Bear with me on this one. There is a point to this.

Last week I read an interesting article on a pioneer who has shaped the digital world we know today: Sir Tim Berners-Lee.

Naturally, this got me thinking. Amongst other things, what I took from the article was where the likes of Jeff Bezos (Amazon), Mark Zuckerberg (Facebook), Larry Page (Google), Pierre Omidyar (eBay), Jack Ma (Alibaba) and Marc Randolph/Reed Hastings (NetFlix) would be without the work of people before them.

When you think about the amount of billions the list of gentlemen above are worth the mind boggles. Yet without the vision of Sir Tim Berners-Lee (TBL), who by the way puts his invention down to random chance claiming that he “happened to be in the right place at the right time” when the World Wide Web was created, where would the above list of billionaires be today? Don’t get me wrong TBL hasn’t done badly for himself, so don’t feel sorry for him, but for someone of his stature and intelligence we’d naturally assume this to be a lot more.

Bill Gates is worth c. $84 billion, and Steve Jobs left his family a healthy sum of about $20 billion when he passed away. So doesn’t $50 million seem a little lackluster? Is he the ‘unsung hero of the information age’? Perhaps. Does this bother him? Probably not.

When TBL featured in the London 2012 Summer Olympics opening ceremony, he received almighty cheers and support. But it was probably the first time most us had ever seen the face of the man behind the internet. The World Wide Web is still to this day, one of the most revolutionary discoveries ever known to mankind.

To TBL this was his passion; he wasn’t a money motivated man by all accounts. It’s all very well and good having a hobby; but how do we turn an interest into a professional occupation? For the record, I’d love to be a professional golfer, but making that step from a ‘good amateur’ to ‘professional’ is something else, never mind competing on TV for millions each week. TBL struggled, dedicated his time and fought his way to the top, to ultimately change the world as we know it.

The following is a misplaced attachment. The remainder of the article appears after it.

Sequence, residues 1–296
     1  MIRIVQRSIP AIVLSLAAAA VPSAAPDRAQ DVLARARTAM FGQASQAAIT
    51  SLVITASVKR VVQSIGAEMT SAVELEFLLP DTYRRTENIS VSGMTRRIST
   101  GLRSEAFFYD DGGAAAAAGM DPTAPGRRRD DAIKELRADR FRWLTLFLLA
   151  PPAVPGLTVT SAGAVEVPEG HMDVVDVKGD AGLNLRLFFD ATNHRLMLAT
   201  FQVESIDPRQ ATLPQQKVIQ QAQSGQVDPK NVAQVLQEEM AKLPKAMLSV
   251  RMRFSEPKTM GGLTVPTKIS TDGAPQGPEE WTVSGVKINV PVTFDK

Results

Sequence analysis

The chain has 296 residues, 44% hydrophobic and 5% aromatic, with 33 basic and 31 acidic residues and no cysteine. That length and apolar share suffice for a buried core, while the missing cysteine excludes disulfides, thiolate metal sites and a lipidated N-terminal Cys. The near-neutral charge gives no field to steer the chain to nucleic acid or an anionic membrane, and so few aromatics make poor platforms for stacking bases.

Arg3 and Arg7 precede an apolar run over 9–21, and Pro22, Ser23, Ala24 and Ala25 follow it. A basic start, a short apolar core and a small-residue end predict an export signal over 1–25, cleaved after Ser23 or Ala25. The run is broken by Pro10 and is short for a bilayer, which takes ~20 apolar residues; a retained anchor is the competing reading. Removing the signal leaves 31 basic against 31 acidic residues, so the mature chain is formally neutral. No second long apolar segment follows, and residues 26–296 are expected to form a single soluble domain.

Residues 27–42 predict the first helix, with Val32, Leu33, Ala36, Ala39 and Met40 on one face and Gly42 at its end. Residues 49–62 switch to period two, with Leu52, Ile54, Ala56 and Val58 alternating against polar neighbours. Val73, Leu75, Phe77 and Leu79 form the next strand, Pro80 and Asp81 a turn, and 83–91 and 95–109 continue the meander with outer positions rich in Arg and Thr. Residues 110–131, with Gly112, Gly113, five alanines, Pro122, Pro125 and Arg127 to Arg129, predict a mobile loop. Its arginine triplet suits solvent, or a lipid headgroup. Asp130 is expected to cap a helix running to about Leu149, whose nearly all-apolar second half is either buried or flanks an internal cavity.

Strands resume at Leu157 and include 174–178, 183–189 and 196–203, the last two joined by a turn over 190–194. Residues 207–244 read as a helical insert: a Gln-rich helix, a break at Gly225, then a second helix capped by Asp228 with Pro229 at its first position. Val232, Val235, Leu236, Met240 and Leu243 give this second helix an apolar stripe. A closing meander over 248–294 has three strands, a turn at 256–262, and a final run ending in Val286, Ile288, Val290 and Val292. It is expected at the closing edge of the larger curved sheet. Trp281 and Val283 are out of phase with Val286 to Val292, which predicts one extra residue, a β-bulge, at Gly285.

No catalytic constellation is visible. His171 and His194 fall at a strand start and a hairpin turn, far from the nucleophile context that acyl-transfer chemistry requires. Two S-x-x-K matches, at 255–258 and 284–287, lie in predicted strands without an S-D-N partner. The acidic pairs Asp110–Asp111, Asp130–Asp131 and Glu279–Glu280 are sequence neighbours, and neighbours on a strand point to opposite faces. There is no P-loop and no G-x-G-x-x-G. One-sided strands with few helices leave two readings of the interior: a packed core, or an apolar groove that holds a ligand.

Look, I’ll get to the point. When I think about the work I do, recruiting into the digital creative market, and specifically into the UI / UX / CX / Product design side of things - ignore the rich list at the top of this blog - but everyone I work with wouldn’t be where they are today without the tireless work of some unsung heroes before them.

TBL has an inbuilt DNA to do something remarkable, his ROOTS if you will, granted his parents both worked on the first commercially built computer, so he had a decent start to all things technology. He worked tirelessly to come up with his SEED of an idea, from London, via Oxford University, my hometown of Bournemouth, Dorset, then finally to Switzerland. Then on the 9th August 1991, he entered the URL - not as catchy as I was hoping - and his big fat OAK was born…and by ‘big fat oak’ I mean the World Wide Web.

"He wove the World Wide Web and created a mass medium for the 21st century. The World Wide Web is Berners-Lee's alone. He designed it. He loosed it on the world. And he more than anyone else has fought to keep it open, non-proprietary and free."

— Tim Berners-Lee's entry in Time Magazine's list of the 100 Most Important People of the 20th Century, March 1999.

When you think about how much we rely on and interact with our phones, laptops, tablets etc these days and people lose their minds when connectivity drops for even the shortest periods of time. It’s hard to remember a time, speaking as a 27-year old millennial, that we weren’t connected - but (and not that you’ll read this Tim) I wanted to say thanks for the opportunity you’ve given us all.

Now, I don’t know if you play golf Tim, however, if you do you’d definitely be included in my dream four-ball, as long as you can put up with Tiger Woods and Jack Nicklaus for company? You seem like a thoroughly top bloke…I’ll buy the drinks too, just to say thanks!

This is the man himself, just in case you didn’t know:

So, how about that game?